The Saturn V Rig is a kite aerial photography rig designed to use two micro servos (small motors) to adjust the pan and tilt angles of the camera. The servos can be operated autonomously by an on-board microcontroller or remotely via radio control. With a camera capable of being triggered remotely you can systematically capture photos to stitch into high resolution panoramas or just take lots of photos in all directions.
The Saturn V Rig was designed to be operated by the SkyShield autoKAP controller. The SkyShield is a custom circuit board which is a "shield" for an Arduino Nano. The Arduino can run a program ("sketch") which includes eight different regimes of pan/tilt/shoot sequences, any of which can be selected in the field using a DIP switch.The SkyShield allows easy connection of the camera, servos, and battery pack. Up to two cameras (or other devices) and four servos (or other devices) can be connected for various applications. The SkyShield is open-source, and the circuit and software are available at the Guides page.
Two configurations of the Saturn V Rig are available (select one in the dropdown menu above). Both include version 2.4 (or later) of the SkyShield.
Both packages include everything for a working autoKAP rig except the camera. This includes the 3D printed pan/tilt rig and Picavet suspension, a SkyShield KAP controller with Arduino Nano compatible microcontroller, two micro servos, a gear set, battery case, cables, and all the straps, legs, and bumpers. Instructions and all the parts and hardware are included.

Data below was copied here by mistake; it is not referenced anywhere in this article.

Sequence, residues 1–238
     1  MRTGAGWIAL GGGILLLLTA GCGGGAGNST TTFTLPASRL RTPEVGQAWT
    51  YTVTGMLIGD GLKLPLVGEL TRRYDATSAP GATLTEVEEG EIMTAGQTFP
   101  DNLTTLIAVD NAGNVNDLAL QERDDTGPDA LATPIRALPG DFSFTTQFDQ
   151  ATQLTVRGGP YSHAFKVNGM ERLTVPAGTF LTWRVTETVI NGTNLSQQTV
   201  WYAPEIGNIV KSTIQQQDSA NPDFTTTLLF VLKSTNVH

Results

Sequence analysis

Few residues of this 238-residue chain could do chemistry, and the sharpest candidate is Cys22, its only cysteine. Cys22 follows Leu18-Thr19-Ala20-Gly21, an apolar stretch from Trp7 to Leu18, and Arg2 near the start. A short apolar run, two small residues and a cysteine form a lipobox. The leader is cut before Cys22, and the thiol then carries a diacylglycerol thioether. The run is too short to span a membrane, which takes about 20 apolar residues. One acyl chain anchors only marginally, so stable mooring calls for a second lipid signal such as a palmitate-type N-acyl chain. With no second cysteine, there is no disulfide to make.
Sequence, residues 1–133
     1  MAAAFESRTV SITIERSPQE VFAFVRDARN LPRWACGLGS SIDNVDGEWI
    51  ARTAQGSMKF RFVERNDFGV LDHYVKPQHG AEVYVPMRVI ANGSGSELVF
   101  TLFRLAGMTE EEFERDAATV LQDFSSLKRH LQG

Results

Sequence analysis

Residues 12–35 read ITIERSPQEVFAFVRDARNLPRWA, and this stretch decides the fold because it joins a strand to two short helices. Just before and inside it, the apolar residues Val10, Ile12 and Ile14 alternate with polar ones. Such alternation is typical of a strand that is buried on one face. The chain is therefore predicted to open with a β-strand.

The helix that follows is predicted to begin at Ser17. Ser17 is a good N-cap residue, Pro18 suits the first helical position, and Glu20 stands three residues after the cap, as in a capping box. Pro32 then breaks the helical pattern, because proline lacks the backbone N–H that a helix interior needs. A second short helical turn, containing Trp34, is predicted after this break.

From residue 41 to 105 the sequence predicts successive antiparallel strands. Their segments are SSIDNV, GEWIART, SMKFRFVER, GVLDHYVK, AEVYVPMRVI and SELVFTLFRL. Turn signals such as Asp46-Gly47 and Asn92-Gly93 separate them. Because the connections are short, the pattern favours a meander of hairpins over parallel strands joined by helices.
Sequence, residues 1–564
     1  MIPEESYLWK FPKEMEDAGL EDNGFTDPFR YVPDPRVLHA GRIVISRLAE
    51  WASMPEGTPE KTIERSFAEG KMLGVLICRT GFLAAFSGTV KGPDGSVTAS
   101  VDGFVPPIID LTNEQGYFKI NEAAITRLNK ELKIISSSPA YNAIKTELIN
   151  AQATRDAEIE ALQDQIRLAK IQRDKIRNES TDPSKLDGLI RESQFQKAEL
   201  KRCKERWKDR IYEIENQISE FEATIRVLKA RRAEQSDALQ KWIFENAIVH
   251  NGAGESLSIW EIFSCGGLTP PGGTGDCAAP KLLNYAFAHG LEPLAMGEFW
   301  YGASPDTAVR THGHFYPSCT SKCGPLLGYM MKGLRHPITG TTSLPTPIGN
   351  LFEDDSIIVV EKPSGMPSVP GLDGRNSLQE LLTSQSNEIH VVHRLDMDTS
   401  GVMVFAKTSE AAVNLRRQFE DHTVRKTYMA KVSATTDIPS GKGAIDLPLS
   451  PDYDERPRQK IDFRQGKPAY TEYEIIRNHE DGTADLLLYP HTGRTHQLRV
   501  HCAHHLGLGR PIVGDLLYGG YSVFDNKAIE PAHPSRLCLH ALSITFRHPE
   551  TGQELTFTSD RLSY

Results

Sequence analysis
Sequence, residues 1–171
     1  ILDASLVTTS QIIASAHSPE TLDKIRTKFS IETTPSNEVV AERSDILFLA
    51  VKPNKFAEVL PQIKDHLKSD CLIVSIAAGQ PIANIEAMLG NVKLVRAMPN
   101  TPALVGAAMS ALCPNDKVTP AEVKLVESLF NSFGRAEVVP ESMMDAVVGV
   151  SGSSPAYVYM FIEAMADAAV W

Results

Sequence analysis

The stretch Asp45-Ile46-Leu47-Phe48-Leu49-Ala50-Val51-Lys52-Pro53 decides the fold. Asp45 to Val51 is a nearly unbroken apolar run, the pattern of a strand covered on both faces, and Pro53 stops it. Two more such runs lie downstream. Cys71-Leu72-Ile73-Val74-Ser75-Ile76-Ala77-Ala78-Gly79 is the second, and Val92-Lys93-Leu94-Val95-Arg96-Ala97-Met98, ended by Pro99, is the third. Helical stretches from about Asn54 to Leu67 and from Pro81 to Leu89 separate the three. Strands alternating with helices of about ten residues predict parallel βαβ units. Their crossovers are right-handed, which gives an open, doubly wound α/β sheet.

Flying weight without the camera is 340 grams (includes batteries, Picavet, legs, etc.).
The SkyShield is also available by itself either in kit form or assembled.
The Arduino Nano is loaded with a sketch which runs when it is powered up. With the free Arduino software installed on your computer, you can update the sketch or modify it to alter any of the pan/tilt/shoot modes described in the sketch. The SkyShield has a 1.5 amp LDO voltage regulator and 270uF or 390uF capacitor to supply ample current to the servos. The SkyShield is a through-hole PCB and is easy to solder. Although the intended use is aerial photography, a SkyShield can be used to control six different devices of many types with battery power and DIP switch control of variables.
Discussion and early results can be seen in research notes published at Public Lab.
Assembly and configuration instructions are available at the KAPtery along with the open source circuit design and software for the SkyShield.
This product is designed and developed by Public Lab contributor Chris Fastie and is completely open source. Downloadable instructions for 3d printing your own rigs and suspension mounts are available on Thingiverse. Instructions for building and assembling are available as a pdf.